Socket.

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Jean-Christophe

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Nov 29, 2010, 8:29:18 AM11/29/10
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Hi,

I develop an http server using windows sockets,
and I need to implement this :

1: A browser sends a request to the server.

2: The server sends an html page to the browser.

3: When needed, the server sends a new html updated page to
the browser. This page should replace the preceding one.

Note that the page update is not triggered
by the browser but by the server itself.

First I tried to include this in the html page header:
<meta http-equiv="refresh" content="10; URL=http://server/">
it works but the refresh is not triggered by the server itself.

Then I tried this : after the server has sent
the very first html page it keeps the socket open
and when needed sends to the browser a JavaScript:
window.location.replace("http://server/");
and then closes the socket. The client sends back a request
to the server (as if the user had refreshed the browser's page)
It works but on one hand the server has to keep the socket open,
and on the other hand I guess that the browser could time-out.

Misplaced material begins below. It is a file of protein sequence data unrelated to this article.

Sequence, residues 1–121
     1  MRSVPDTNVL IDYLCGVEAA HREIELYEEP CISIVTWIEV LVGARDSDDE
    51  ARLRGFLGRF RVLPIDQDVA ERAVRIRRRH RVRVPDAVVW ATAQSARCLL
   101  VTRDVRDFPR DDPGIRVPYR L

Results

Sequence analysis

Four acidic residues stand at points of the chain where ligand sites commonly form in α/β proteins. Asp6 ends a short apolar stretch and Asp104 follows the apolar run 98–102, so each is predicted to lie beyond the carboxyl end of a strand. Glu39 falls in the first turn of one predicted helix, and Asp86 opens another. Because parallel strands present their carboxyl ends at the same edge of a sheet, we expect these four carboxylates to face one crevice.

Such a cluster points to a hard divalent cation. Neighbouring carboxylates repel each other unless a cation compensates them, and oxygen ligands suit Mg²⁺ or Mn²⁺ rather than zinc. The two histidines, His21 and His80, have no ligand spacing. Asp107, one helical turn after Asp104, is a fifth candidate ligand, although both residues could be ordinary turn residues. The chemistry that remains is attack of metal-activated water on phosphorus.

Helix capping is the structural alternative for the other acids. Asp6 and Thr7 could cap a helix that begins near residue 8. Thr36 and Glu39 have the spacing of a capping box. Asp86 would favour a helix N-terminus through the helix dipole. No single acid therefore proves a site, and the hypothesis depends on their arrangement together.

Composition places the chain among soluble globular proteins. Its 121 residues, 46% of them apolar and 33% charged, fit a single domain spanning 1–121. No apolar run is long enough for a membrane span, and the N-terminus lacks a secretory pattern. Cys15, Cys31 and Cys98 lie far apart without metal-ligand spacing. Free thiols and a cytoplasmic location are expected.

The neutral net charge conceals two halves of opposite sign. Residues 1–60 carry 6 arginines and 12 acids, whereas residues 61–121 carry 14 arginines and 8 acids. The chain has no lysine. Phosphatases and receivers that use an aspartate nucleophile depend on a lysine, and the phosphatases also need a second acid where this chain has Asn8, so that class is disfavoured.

Is there an effective way to update a
browser's html page from the server-side ?

TIA

David Schwartz

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Dec 5, 2010, 11:31:16 PM12/5/10
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On Nov 29, 5:29 am, Jean-Christophe <5...@free.fr> wrote:

> Is there an effective way to update a
> browser's html page from the server-side ?

Fundamentally, the server cannot connect to the client. So your two
choices are to have the client periodically ask the server if it needs
to do anything or you have to sustain a connection that was initiated
by the client.

DS

Jean-Christophe

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Dec 8, 2010, 1:18:12 PM12/8/10
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On Dec 6, 5:31 am, David Schwartz

|> Is there an effective way to update a
|> browser's html page from the server-side ?

> Fundamentally, the server cannot connect to the client. So your two
> choices are to have the client periodically ask the server if it needs
> to do anything or you have to sustain a connection that was initiated
> by the client.

Ok. However, I don't want many browsers sending periodic
requests to the server as there *could* be nothing to update;
most of the requests would be useless.
For now I'll keep my trick - it works pretty well.
Thanks Dave.

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